Pharmaceutical shipments from Bangladesh grew 25 per cent year-on-year to $169 million in the last fiscal thanks to the addition of anti-coronavirus drugs to the export basket, continuous improvement of quality and policy support.

Drugs worth $136 million were exported in fiscal 2019-20, according to data of the Export Promotion Bureau.

Bangladesh mainly exports medicine related to malaria, tuberculosis, cancer, leprosy, anti-hepatic, penicillin, streptomycin, kidney dialysis, homoeopathic, biochemical, Ayurveda and hydrocele.

Anti-coronavirus drugs were added to the basket in the last fiscal year, giving a leg up to shipments made by the industry.

“Our pharmaceuticals industry showed its capability by manufacturing the generic version of anti-coronavirus drugs instantly. This helped boost the export of pharmaceuticals products,” said Monjurul Alam, director for global business at Beacon Pharmaceuticals.

The shipment of anti-viral drugs Remdesivir and Favipiravir, which are used to treat coronavirus patients, drove the export growth in FY21. Around Tk 400 crore worth of anti-coronavirus drugs were exported in the last fiscal year, according to Alam.

During the pandemic, Bangladeshi companies that manufacture the drugs have supplied the medicines for the treatment of patients at home and abroad. The bold decision of the government to approve them was a boon for the pharmaceuticals industry, said senior officials of a number of companies.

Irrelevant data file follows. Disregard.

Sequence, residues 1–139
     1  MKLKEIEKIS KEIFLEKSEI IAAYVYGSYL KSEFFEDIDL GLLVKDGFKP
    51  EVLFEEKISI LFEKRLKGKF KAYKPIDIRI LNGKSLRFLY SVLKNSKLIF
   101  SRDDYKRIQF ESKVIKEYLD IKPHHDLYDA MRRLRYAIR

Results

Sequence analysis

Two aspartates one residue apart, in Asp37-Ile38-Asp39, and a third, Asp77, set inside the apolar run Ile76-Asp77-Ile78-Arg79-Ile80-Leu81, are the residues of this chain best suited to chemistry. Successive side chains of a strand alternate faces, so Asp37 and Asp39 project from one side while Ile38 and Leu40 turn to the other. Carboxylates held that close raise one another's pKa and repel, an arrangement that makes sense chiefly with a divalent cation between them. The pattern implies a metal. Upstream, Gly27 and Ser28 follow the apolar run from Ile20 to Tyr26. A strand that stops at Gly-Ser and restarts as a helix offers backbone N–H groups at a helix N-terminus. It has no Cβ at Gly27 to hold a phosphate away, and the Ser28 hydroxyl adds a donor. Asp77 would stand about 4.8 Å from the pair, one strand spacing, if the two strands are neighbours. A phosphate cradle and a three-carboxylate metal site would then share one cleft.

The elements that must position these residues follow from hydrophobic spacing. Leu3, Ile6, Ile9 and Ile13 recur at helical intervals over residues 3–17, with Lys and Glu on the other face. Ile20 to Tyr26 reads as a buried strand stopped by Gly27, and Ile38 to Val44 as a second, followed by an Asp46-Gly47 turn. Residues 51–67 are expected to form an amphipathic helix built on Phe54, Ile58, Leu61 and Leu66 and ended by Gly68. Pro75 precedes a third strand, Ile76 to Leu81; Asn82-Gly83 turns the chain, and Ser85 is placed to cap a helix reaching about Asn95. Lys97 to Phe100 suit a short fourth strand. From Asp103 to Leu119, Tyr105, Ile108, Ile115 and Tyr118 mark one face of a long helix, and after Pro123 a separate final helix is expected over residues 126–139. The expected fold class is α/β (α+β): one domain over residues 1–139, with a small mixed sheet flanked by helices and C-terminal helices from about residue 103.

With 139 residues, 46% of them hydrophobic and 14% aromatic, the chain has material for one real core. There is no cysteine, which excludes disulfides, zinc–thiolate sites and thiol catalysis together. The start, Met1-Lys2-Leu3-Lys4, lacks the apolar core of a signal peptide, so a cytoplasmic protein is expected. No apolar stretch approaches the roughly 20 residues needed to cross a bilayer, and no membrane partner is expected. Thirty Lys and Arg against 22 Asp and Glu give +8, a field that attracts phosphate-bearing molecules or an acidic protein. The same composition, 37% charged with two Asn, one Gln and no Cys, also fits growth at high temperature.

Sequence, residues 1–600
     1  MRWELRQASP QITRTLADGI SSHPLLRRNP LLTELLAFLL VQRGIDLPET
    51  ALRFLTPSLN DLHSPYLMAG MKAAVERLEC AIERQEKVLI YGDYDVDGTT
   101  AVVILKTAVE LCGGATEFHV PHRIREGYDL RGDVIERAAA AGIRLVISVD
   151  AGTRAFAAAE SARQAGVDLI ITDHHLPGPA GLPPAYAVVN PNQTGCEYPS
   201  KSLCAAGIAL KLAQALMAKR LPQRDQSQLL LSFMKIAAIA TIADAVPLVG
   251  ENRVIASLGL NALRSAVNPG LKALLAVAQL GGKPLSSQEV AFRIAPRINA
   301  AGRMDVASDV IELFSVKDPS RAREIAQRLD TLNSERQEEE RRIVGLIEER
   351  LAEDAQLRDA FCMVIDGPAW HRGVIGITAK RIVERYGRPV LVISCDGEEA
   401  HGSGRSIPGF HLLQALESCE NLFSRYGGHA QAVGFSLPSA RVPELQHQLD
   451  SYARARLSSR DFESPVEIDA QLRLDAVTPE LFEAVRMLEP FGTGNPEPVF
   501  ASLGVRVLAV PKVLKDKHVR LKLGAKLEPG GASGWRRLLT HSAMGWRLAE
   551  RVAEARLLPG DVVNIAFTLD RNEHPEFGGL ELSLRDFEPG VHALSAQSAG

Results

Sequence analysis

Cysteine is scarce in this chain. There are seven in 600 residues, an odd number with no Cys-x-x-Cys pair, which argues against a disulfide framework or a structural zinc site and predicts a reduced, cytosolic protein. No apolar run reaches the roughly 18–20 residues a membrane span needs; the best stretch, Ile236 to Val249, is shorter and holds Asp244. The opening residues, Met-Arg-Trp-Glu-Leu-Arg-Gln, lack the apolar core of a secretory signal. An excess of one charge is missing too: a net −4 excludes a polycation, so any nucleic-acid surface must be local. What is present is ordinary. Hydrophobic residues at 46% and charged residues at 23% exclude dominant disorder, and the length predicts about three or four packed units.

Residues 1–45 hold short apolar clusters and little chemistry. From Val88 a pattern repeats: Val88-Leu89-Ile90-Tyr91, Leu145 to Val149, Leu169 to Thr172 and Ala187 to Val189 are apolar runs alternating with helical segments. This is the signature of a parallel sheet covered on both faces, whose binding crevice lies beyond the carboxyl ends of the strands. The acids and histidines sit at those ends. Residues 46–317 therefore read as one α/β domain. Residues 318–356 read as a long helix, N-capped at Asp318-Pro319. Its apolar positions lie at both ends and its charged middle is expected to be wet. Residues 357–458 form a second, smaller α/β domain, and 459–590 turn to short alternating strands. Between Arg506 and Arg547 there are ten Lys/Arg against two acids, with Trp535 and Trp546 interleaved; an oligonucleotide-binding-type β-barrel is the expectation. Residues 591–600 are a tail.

“Bangladeshi companies were able to enter highly regulated markets within three months whereas it would have taken at least two years during normal period,” Alam said.

The health ministries of a number of Middle Eastern, African and Latin American countries imported the generic versions of Remdesivir and Favipiravir from Bangladesh.

The country also benefited from an Indian ban on the export of Remdesivir and its active pharmaceutical ingredients in April after a record spike in Covid-19 cases sent demand surging.

Mohammad Mujahidul Islam, director for marketing and sales at Eskayef Pharmaceuticals, said the pharmaceuticals industry had made an all-out effort to ensure a smooth supply of all medicines, including a few key medicines, to fight the deadly virus in Bangladesh.

Despite the unprecedented challenges, the industry has also managed to continue to exports, Islam said.

“I think it has been reflected in the country’s pharmaceutical export performance in the FY20-21. From Eskayef, we have supported thousands of Covid-19 patients in 43 countries with our Remdesivir injection Remivir.”

All of these efforts have brightened the image of Bangladesh and shown the capabilities of the local pharmaceuticals industry, he noted.

Md Ziauddin, deputy general manager for marketing at Acme Laboratories, said local firms worked hard to keep production up and running, taking all protective measures.

“This helped the sector increase the export.”

Initially, manufacturers had faced challenges in supply chain management due to the pandemic. Later, they were able to ensure the smooth production and export of medicines, thanks to the government’s support, he said.

Local players dominate the country’s pharmaceutical industry.

Square Pharmaceuticals is the major player with an 18.8 per cent share, followed by Incepta at 10.2 per cent, Beximco 8.5 per cent, Opsonin 5.6 per cent, Renata 5.1 per cent, and Eskayef 4.5 per cent, according to the Bangladesh Association of Pharmaceuticals Industries.

Local manufacturers export medicines to 144 countries and cater to 97 per cent of the domestic demand.


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